Coronavirus: Young people also at risk

29 March, 2020 12:00 AM printer

So far, the health message has been clear - the older you are, the more at risk you are from coronavirus. But the World Health Organization (WHO) has warned young people not to view themselves as "invincible", reports BBC.

Dr Rosena Allin-Khan, a Labour MP and A&E doctor, told the BBC the illness was "not simply limited to the elderly and those with underlying health conditions".

She was speaking the day after news an 18-year-old with an underlying health condition died of the virus in England. They are thought to be the youngest person with the virus to have died in the UK so far.

Dr Allin-Khan said she had treated previously "fit and well" patients in their 30s and 40s who were now in intensive care and "fighting for their lives".

It remains the case that, overall, older people are the most at risk.

Researchers at Imperial College London found a clear link between age and the likelihood of being hospitalised with coronavirus. And older people were also much more likely, once hospitalised, to need critical care.

Fewer than 5% of under-50s needed to be hospitalised because of their symptoms, but this rose to 24% for 70-79-year-olds.

Similarly, only 5% of under-40s who ended up in hospital required critical care, compared with 27% of people in their 60s and 43% of people in their 70s.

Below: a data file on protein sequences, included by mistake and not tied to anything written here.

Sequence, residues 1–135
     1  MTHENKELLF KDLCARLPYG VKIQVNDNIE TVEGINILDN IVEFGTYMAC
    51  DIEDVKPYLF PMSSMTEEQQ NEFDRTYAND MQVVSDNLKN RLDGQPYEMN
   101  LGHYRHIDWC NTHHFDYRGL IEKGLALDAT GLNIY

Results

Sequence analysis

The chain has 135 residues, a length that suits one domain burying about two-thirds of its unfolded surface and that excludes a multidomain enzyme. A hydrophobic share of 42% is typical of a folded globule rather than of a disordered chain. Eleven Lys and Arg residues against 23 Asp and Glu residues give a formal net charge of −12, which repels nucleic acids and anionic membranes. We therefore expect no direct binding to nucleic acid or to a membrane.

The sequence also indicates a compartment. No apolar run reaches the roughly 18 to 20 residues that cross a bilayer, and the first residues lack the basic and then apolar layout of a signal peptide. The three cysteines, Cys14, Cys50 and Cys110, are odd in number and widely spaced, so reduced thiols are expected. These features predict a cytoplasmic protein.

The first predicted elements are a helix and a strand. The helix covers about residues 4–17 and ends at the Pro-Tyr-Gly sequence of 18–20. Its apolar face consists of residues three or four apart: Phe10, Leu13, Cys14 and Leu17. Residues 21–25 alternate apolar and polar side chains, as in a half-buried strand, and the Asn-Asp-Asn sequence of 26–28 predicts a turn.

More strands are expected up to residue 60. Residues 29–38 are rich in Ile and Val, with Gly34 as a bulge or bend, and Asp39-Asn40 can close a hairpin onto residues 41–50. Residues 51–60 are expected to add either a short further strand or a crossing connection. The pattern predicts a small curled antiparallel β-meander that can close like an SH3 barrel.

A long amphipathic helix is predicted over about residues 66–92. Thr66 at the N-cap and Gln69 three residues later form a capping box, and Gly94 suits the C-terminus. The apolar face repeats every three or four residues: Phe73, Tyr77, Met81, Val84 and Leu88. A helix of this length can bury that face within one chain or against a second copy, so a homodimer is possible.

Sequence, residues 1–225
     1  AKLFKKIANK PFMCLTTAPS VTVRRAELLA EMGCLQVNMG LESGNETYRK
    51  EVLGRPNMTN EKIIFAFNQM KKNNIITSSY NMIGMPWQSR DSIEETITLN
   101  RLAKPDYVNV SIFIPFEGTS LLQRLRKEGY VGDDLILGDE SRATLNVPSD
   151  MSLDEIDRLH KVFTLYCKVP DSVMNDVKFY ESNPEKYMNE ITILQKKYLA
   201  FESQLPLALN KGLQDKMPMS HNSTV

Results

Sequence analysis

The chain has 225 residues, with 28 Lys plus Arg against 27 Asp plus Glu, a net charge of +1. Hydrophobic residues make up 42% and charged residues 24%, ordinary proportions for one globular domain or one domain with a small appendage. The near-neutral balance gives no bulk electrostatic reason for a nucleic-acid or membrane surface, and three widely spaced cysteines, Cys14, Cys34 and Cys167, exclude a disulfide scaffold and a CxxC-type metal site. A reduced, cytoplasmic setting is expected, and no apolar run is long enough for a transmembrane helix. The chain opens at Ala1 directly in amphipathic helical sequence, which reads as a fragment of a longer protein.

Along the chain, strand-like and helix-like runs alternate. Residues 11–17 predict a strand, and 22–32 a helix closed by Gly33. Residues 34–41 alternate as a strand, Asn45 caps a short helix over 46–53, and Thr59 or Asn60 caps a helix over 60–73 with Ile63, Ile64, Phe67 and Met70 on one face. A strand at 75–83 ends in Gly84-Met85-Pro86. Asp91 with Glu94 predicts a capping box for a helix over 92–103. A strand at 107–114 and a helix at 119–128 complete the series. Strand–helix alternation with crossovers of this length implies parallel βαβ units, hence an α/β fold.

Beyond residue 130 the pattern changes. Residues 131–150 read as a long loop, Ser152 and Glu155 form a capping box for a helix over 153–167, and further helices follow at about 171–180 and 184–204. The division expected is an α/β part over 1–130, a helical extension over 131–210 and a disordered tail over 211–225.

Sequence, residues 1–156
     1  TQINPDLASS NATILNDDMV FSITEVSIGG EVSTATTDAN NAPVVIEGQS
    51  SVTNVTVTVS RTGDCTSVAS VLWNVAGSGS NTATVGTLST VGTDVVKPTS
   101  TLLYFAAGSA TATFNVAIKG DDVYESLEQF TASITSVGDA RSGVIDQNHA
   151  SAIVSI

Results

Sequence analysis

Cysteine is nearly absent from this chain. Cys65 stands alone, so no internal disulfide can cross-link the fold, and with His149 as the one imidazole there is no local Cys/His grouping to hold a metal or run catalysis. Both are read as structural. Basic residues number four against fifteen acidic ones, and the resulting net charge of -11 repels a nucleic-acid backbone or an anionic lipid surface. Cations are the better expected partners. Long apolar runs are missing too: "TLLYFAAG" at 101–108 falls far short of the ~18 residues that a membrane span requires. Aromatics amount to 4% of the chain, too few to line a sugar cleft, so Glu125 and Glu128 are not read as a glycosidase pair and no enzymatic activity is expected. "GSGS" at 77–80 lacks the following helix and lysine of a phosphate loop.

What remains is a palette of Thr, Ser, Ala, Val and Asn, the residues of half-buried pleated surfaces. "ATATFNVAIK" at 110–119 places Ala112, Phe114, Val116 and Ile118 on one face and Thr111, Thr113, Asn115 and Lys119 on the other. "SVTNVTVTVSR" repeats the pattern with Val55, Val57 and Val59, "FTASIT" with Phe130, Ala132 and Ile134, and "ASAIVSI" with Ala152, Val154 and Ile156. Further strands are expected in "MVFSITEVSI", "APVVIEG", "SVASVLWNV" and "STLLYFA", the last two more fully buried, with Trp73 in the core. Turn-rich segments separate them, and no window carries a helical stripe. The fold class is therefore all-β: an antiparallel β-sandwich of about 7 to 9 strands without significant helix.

This soared to 71% for people over the age of 80, according to estimates based on cases in China and Italy - two of the worst-affected countries.

The average age of people being admitted to critical care units in England, Wales and Northern Ireland was 63, an audit by a research charity suggested.

Meanwhile, the US's Centers for Disease Control and Prevention (CDC) said early data suggested 53% of those people hospitalised were over 55 - which means about half were younger.

But when it comes to admissions to intensive care units and fatalities, a far higher proportion were in the oldest age categories (about 80% of fatalities were among the over-65s).

These are averages, so within that there will be younger people who do unfortunately suffer more severe bouts of the illness, and some of these cases have been fatal.

In Italy, 0.4% of cases of people in their 40s resulted in death compared with 19.7% of cases in their 80s, while in the US an estimated 0.7% of cases among people in the 40s were fatal.